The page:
Anyone who reads my blog over time (there must be some!) will know that I consider the heart of good internal audit to be its methodology. CAEs spend all of their time and are professionally trained, to be dispassionate and objective, yet, in my experience, audit methodology is a subject that creates the most passion in most CAEs.
Why is this? Well I think it is because internal audit as a profession is principles based. There is no definitive right and wrong. No law or legally enshrined rules. This for my generation of CAEs, brought up and trained as external auditors, is challenging. It is challenging because financial statements are controlled by rules. Sure there are financial statements judgements, but in the main there is right and wrong. So many CAEs will create a view of internal audit and see that as definitively the only or ‘right’ way to do internal audit. They will bring this to their internal audit work and define a framework of rules to internal audit. Hence audit methodology creates so much passion.
As I’ve grown as an individual and as a professional I have come to see internal audit a paradigm, within which a significant range of choices and options can be taken. So risk based internal audit can be a number of different things. I have also learned that a client’s risk maturity can have an impact on the audit service, but not as much as the IIA or other internal audit commentators would have you believe. I think the real thing that drives internal audit methodology is the nature of your client’s business and how it creates its control environment.
As I’ve posited before, one could think about this in terms of the three lines of defence. In particular I’ve seen two broad models, the ‘n’ and the ‘u’ shaped model. For further commentary see my post Heterogenous Audit. But these models of risk management and control are themselves founded on a fundamental view of the world. Is the world one susceptible to rules and right and wrong, or is more a set of principles based judgements? So what model your client adopts should affect your model of assurance.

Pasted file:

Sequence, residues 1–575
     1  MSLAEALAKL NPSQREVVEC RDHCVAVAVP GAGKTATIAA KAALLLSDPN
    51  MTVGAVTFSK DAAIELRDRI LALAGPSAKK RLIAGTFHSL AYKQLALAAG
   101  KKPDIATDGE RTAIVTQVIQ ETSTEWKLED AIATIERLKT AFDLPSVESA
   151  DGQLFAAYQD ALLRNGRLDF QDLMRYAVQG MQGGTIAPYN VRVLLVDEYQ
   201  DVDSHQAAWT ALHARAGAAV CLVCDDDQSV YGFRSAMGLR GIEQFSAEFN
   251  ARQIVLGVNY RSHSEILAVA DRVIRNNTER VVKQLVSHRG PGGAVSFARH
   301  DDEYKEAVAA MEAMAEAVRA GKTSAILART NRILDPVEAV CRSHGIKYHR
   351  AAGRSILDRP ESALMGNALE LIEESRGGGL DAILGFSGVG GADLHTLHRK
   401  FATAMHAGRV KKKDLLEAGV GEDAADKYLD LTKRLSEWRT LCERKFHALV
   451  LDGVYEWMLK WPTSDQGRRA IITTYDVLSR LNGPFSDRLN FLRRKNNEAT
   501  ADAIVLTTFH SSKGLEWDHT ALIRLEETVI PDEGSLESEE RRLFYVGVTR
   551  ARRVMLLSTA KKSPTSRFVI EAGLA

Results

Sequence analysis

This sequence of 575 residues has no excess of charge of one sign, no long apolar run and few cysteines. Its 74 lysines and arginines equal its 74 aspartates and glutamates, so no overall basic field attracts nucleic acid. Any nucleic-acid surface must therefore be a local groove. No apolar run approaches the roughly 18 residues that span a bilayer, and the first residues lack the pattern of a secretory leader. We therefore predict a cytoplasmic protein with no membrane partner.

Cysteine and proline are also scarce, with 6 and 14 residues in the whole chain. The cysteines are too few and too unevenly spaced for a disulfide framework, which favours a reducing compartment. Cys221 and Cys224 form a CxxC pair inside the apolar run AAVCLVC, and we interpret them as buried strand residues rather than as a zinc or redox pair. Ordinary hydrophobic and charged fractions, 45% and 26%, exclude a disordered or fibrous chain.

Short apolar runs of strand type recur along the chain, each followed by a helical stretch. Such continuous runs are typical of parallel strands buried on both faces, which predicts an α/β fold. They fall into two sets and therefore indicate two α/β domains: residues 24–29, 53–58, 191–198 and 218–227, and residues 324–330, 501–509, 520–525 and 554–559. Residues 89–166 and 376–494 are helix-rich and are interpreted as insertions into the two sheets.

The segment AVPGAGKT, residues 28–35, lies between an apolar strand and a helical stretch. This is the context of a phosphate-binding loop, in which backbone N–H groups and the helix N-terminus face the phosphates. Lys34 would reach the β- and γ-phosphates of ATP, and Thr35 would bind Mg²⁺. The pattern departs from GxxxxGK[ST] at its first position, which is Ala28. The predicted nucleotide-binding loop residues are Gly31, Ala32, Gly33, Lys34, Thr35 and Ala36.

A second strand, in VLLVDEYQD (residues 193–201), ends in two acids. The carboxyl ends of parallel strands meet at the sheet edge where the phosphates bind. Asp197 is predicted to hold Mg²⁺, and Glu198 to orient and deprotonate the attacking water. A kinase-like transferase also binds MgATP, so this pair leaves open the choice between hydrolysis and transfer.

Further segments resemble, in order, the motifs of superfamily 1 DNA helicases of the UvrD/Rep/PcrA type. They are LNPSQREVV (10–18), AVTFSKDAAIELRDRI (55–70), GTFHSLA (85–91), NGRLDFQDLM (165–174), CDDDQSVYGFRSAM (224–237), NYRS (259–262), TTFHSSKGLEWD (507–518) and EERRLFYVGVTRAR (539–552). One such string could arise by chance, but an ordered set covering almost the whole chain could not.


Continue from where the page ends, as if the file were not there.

I believe the world is too complex and difficult to be effectively run through rules. The building blocks of business, customers, employees and delivery, are all too complex to be controlled through rules. Any auditor that truly believes in a rules and controls based world is either thinking wishfully, or has not enough experience of how things really work and happen. For even in the most rational, ordered, and rules-based organisations, human intuition, judgements, and complexity manages significant risks.
So in my view audit functions, and the very best auditors in my view, see the world as being principles based. Sure have some rules. Have some rational order. Do not expect these to really control the significant risks to the business. I am working my way through a PhD looking at the marketing concept’s use in organisations. Now marketing is an economically rational, scientific process. So an organisation, you would expect, to consider the concept of marketing consciously and apply it in a rational and ordered way. During my study I’ve found that very few organisations have rationalised and ordered their marketing activities in any meaningful and conscious manner. So it is for risk and control frameworks. Very few organisations consciously consider, carefully design and meticulously deliver, their control framework.
So internal audit can continue to believe in the fantasy of perfect risk and control maturity, or it can instead work with organisations as they really are and build a sensible level of ambition and follow through, that makes sense in the client’s market and cultural setting.
So coming back to my original point. It makes little sense for a CAE and their audit function to not consider their client’s control context. It also makes little sense for internal audit not to have consciously considered and designed their methodology to match.
This has two significant consequences for internal audit in my view. First that internal audit must have consciously considered what its methodological standpoint is. This needs to be intellectually, conceptually, and in delivery terms. If an audit function cannot articulate this at a fundamental level, then I think the audit function must be prone to a high risk of failure. The second consequence is that internal audit as a profession must accept differences in methodology. These differences can be quite significant, as clients can be significantly different. So an audit function auditing a charity delivering international aid may look very different to one auditing a private sector airline business.
These methodological differences are important. Whilst all CAEs like to believe their methodology is the ‘right’ one, they must accept that the fact other CAEs have different methodologies must disprove this belief. Similarly all CAEs should have a clear articulation of why they do what they do, not just describe it. Being compliant with standards (principles based as they are) is just the start, it is a necessary, but not sufficient, explanation of an audit methodology.
So do I believe I have the ‘right’ methodological internal audit answer? No. I do have the start though, a clear rationale for the viewpoint, model and consequential internal audit practice I have adopted. Do you?